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Role of Robotics

Mechanical weeding, application of fertilizers, or harvesting of fruits are being done by autonomous, robotic vehicles developed specifically for farming purposes. The development of unmanned aerial vehicles, commonly termed drones, prove to be a game-changer for the agriculture industry.

Drones with autonomous flight control, along with lightweight and powerful hyperspectral snapshot cameras opens the field for sophisticated farm management advice. The hyperspectral cameras are being used to calculate biomass development and fertilization status of crops, 

The farmers differentiate between plant diseases based on optical information and the decision-tree models are available now. Cattle herd management is being done by virtual fence technologies. These technologies are based on remote-sensing signals and sensors or actuators attached to the livestock.

All these technologies taken together constitute a technological revolution that is generating disruptive changes in agricultural practices.

This trend holds for farming in both developed countries and developing countries, where deployments in ICT are being adopted at a rapid pace. This trend can become a game-changer in the future.

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Role of Automation

Automated farming along with the collection of data for further analysis, provides the operator with accurate information. This assists in making better decisions to gain high-quality output of the product. 

A technically advanced farming management system is rooted in observing, measuring and responding to inter and intra-field variables in products.

Research in agriculture is going on to formalise a decision making support system for farm management. 

This system will optimize and examine how high-tech farming can aid the production output and focus on preserving resources.

It is targeting to reduce the heavy workload of farmworkers. They plan to achieve this by providing them with the benefits of technological advancements. This will also help in improving the quality of life. 

It is necessary to address the issues of population growth, climate change and labor. These factors have gained a lot of technological attention, from planting and watering crops to health and harvesting.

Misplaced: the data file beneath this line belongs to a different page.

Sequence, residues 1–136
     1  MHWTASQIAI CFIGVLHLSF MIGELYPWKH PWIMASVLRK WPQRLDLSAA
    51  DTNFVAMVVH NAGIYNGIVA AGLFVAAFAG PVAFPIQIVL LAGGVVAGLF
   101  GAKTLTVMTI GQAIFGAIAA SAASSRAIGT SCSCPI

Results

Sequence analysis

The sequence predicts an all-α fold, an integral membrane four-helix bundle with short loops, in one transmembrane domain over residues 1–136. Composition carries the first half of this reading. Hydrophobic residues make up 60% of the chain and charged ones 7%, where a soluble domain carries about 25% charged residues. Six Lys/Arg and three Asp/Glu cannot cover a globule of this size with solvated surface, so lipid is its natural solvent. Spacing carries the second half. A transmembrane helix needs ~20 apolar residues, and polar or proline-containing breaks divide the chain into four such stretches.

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Learn more about the use of Light Sensors in Smart Farming here.

Smart Agriculture – Autonomous and Robotic Labor

Automation replacing human labor is a significant development across industries, agriculture being no exception. The goal of autonomous incorporation of robotics into agriculture is to suspend manual labor dependence and boost efficiency, product quality, and output.

IoT support in the farm’s infrastructure is essential for the machines and the sensors to interface with the farmer, even as they operate autonomously and is the key feature to the “smart” farming system. Autonomous robotic labor, tractors, drones are more capable and self-sufficient, and cameras, GPS, and IoT connectivity enable remote monitoring and operation. High-end tech towards driverless machinery programmed by the GPS to spread fertilizer. 

Seeding machines for sowing, which cover more ground faster than a human. Subsurface Drip Irrigation (SDI) method that allows farmers to control the required amount of water. Drones for imaging, planting, and spraying enable farmers to collect more information to monitor crop health, optimizing every aspect of their farming.

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Profits for Farmers

It is more profitable for the farmer. Decreasing the resource inputs will save the farmer money and labour. The spatially explicit data will reduce risks and increase reliability. Optimal and site-specific weather forecasts, yield projections will optimally allow the cultivation of crops. 

The probability maps for diseases and disasters based on dense weather and climate data networks will be extremely helpful. Site-specific information also enables new insurance and business opportunities for the entire value chain. 

This value chain comprises technology and input suppliers to farmers, processors, and the retail sector in both developing and developed societies. If automated sensors record all farming-related data, the time needed for prioritizing the application of resources and for administrative surveillance will be red.